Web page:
The last 12 months has proven to be one of the toughest years for most households. After a couple of months of uncertainty, the media has consolidated around reporting this as an ordinary recession, though more severe than most.
Toughest and most challenging of all, we have been forced to change habits and change our ways - re-establish and align new values, economic, societal and spiritual. Each and every one of us has been touched, whether through failed family structures or businesses, extra stress from financial uncertainty or through compromised health.
Each and every one of us can look within and find the light that gives direction to the new path to be discovered. As we pick ourselves up, dust ourselves off and get ready to start all over again, will we have learnt from our lessons and rediscovered core values?
Can we envision a world with a better balance between production and consumption and between exploitation and protection of the environment?
Fundamentally, people change only a little bit, and only very slowly. People may be a little less willing to buy flat screen TVs on credit, but they will still aspire to own flat screen TVs.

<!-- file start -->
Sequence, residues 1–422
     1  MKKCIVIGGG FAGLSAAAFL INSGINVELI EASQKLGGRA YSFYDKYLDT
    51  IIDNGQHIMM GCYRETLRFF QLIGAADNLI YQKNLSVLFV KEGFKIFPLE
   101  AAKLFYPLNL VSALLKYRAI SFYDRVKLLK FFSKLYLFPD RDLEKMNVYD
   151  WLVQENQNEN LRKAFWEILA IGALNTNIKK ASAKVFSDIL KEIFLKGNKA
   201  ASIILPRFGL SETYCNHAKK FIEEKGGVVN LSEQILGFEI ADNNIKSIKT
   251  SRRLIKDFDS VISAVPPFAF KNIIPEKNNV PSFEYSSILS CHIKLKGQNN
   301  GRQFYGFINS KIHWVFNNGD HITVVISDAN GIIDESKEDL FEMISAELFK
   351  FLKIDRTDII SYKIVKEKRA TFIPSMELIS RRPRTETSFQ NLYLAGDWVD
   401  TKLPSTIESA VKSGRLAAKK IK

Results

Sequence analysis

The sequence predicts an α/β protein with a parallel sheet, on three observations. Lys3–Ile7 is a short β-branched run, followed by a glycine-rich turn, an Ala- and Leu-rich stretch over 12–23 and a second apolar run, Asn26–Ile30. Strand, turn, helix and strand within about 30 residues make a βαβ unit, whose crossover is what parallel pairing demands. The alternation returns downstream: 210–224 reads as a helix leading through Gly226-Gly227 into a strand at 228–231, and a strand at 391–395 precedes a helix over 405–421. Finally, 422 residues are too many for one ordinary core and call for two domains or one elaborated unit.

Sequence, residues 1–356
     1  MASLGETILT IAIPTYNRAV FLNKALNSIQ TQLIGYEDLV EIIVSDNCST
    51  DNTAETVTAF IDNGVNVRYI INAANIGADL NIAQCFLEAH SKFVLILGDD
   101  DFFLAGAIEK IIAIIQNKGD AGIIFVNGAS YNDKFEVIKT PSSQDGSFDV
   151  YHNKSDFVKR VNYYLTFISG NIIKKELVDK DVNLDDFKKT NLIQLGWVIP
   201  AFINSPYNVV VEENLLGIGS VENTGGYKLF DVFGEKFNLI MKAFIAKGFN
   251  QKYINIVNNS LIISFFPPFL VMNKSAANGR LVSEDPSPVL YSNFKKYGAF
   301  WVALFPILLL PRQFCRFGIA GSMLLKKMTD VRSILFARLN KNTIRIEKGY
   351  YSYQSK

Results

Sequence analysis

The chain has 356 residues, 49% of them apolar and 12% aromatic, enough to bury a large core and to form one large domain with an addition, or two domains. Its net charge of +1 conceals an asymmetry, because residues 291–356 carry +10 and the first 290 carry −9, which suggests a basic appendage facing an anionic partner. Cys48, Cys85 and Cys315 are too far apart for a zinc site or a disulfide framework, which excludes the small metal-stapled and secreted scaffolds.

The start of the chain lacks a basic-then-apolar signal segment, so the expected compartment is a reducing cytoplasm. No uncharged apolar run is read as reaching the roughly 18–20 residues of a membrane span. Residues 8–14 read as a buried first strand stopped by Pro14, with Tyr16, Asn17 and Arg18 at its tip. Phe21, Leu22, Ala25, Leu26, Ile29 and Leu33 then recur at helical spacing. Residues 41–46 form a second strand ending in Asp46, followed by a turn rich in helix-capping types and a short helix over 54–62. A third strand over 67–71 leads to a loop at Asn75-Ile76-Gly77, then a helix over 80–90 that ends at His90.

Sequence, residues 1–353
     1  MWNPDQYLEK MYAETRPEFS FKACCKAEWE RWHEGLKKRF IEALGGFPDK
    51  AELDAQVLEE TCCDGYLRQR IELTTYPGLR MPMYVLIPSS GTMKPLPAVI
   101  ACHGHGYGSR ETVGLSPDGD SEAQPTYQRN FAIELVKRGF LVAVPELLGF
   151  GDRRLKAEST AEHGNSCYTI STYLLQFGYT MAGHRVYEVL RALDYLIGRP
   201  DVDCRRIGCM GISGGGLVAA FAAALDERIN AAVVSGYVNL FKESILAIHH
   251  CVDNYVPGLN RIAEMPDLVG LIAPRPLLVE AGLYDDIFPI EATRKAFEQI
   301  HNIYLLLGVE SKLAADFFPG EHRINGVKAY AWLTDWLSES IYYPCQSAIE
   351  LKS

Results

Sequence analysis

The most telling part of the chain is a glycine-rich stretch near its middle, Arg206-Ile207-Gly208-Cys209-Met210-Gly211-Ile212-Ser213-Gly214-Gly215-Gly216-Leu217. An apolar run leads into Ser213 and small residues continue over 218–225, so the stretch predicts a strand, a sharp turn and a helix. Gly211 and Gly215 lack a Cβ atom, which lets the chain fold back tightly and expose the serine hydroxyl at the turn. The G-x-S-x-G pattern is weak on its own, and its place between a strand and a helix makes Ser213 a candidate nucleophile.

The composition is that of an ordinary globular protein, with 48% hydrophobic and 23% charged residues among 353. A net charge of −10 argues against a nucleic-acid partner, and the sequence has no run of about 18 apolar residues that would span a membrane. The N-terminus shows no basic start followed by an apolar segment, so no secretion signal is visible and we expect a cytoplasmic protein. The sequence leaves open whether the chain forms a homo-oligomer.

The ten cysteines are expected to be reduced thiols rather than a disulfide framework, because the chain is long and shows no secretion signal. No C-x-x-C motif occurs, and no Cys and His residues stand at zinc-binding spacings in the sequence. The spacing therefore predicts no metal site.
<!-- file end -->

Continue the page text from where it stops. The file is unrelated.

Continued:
As for the environment, can we, the human race, pull it together in time to meaningfully slow down global warming, and can we see reason to invest in alternative energy when there are so many arguments for investment in so many other troubled sectors?
As the recession has tightened, spending practices have favoured the types of products that are most important to consumers, for example food, health, beauty and cleaning products. Or rather, those products that we put in or around our bodies on a daily basis, that nurture us and improve our quality of life on a baseline level. This offers new opportunities and new markets for eco friendly products and one of the reasons the organic market is booming.
The need to have the latest, greatest things is out. According to a recent survey I've read, 67 per cent of respondents agreed it was important to buy products with social and environmental benefits, and over half (51 per cent) agreed they were willing to pay more for products with social and environmental benefits.
So the recession hasn't been all doom and gloom - it has just heralded a "profound reset moment in our lives". There are silver linings and new glimpses of light from this crisis - we just need to open our eyes to the treasures we already have and future possibilities. Good things happen to us every day and we just need to take the time to acknowledge them.